n and X is homologically locally connected, then the (n + 3)-homology of any c*
*losed
subset A X=Ap vanishes.
In 1983, Robinson and I proved Newman's Theorem for finite-to-one open and c*
*losed
mappings on manifolds [10]. We formalized Newman's Property (and variations) a*
*nd
studied this property for discrete open and closed mappings on generalized cont*
*inua in
1984 [11].
In 1985, H-T Ku, M-C Ku, and Larry Mann investigated in [30] the connections*
* between
4
Newman's Theorem involving the size of orbits of group actions on manifolds and*
* the
Hilbert-Smith Conjecture. They establish Newman's Theorem (Newman's Property [1*
*1])
for actions of compact connected non-Lie groups such as the p-adic solenoid.
In 1997, D. Repov~s and E.V. ~S~cepin [51] gave a proof of the Hilbert-Smith*
* Conjecture
for actions by Lipschitz maps. See also related work by Shchepin [52]. In the s*
*ame year,
Iozke Maleshick [53] proved the Hilbert-Smith conjecture for Hölder actions.
In 1999, Gaven J. Martin [54] announced a proof of The Hilbert-Smith Conject*
*ure for
quasiconformal actions on Riemannian manifolds and related spaces.
The crucial idea that works here is M.H.A. Newman's idea used in his proof t*
*hat for a
given compact connected n-manifold M , there is an ffl > 0 such that if h is an*
*y periodic
homeomorphism of period p, a prime > 1, of M onto itself, then there is some x *
*2 M such
that the orbit of x, {x, h(x), . .,.hp-1(x)}, has diameter ffl. It is well kn*
*own that the
collection of orbits under the action of a transformation group G on a compact *
*Hausdorff
space X is a continuous decomposition of X .
The works [20; 21] of David Wilson and John Walsh [18] show that there exist*
* continuous
decompositions of n-manifolds Mn , n 3, into Cantor sets. This paper shows t*
*hat
such decompositions can not be equivalent to those induced by any action of a p*
*-adic
transformation group Ap acting on Mn .
I owe a special debt of gratitude to Patricia Tulley McAuley who has been ex*
*tremely
helpful in reading drafts of numerous attempts to solve this problem and who ha*
*s provided
helpful insights with regard to ~Cech homology. I am not only most deeply inde*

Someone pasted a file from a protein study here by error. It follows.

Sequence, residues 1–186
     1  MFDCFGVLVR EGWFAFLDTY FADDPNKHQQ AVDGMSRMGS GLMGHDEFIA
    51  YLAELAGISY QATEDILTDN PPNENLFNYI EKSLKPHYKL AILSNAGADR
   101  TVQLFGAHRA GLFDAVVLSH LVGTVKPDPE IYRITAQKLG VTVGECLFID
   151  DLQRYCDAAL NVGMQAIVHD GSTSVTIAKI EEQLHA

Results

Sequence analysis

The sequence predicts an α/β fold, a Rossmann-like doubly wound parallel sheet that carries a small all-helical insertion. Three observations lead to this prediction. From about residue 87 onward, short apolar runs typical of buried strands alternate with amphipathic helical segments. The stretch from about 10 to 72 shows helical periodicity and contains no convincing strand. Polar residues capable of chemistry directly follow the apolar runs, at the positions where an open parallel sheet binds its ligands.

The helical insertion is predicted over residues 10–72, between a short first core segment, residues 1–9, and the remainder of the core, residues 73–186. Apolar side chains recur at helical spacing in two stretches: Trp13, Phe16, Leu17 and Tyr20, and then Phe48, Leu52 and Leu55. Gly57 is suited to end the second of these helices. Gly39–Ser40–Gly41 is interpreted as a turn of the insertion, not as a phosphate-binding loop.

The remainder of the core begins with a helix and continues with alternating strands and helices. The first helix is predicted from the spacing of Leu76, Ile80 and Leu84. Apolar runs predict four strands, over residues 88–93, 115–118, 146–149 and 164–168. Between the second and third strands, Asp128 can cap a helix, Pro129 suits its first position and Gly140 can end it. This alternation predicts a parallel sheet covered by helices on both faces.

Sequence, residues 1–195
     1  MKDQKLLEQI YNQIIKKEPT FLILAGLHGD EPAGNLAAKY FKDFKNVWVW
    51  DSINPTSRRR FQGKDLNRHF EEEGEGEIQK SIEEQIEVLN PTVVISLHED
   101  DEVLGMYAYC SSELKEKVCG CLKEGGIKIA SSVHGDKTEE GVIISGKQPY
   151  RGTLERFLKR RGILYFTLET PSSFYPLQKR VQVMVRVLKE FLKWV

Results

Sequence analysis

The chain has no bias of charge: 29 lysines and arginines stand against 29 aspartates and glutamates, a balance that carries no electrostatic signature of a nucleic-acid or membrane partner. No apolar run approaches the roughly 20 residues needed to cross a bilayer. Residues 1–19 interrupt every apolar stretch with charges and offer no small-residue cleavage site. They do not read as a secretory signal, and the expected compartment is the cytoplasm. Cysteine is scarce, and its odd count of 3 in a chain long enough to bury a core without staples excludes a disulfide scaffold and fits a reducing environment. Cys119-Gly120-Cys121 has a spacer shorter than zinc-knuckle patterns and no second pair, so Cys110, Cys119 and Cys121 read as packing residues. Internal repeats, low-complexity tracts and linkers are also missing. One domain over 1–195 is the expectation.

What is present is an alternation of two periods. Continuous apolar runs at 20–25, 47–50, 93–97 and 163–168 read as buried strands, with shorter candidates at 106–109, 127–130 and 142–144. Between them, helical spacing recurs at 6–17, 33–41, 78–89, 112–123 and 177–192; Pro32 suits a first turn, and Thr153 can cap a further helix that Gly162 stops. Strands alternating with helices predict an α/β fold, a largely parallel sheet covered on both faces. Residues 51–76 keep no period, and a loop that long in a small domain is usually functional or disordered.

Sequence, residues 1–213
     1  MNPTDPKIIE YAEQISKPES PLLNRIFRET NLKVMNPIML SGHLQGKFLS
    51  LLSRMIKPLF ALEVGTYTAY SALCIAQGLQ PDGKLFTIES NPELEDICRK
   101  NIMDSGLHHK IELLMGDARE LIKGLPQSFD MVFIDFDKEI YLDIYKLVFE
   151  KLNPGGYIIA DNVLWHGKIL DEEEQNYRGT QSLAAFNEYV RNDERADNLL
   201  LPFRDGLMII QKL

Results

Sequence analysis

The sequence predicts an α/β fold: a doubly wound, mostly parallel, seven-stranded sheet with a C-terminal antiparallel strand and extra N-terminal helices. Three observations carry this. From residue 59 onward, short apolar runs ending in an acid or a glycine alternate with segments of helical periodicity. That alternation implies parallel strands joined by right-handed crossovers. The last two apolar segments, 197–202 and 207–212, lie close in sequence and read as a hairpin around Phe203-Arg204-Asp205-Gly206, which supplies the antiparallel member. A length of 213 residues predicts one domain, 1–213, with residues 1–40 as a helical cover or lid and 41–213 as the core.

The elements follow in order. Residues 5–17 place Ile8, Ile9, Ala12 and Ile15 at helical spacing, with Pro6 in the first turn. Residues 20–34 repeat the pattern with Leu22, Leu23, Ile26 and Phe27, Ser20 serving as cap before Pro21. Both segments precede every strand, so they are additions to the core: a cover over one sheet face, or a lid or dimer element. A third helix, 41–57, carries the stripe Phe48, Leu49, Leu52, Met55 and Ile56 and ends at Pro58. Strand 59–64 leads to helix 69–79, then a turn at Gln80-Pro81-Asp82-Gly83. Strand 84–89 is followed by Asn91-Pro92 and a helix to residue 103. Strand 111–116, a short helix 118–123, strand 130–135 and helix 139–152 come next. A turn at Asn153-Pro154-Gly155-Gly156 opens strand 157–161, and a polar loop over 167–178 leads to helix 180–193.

*bted to
the work of A.V. Chernavsky [27] but also extremely grateful to him for the num*
*erous
important and helpful suggestions which he made after a careful reading of a ma*
*nuscript
and in stimulating conversations with him on a visit to Istanbul Bilgi Universi*
*ty in January,
2002. I also wish to thank Eric Robinson, David C. Wilson, and John J. Walsh fo*
*r having
read earlier attempts some of which worked for n = 3.
5
OUTLINE OF THE PROOF
It is well known that if a locally compact group G acts effectively on a con*
*nected n-
manifold M and G is not a Lie group, then there is a subgroup H of G isomorphic*
* to
a p-adic group Ap which acts effectively on M . Thus, the Hilbert-Smith Conject*
*ure can
be established by proving that there is no effective action by a p-adic group A*
*p on a
connected n-manifold M . The conjecture is proved by the following theorem. A*
*s seen
later, there is no loss of generality, in assuming that M is compact, orientabl*
*e, and without
boundary. The proof given below can be adopted to the situation where M is a l*
*ocally
compact, orientable, and without boundary by replacing finite open coverings of*
* M and
M=Ap with locally finite open coverings with the same properties since the orbi*
*t map
OE : M ! M=Ap is open, closed, and proper.
Definition. An n-manifold (M, d) is said to have Newman's Property w.r.t. the c*
*lass
L(M, p) (as stated below) iff there is ffl > 0 such that for any OE 2 L(M; p), *
*there is some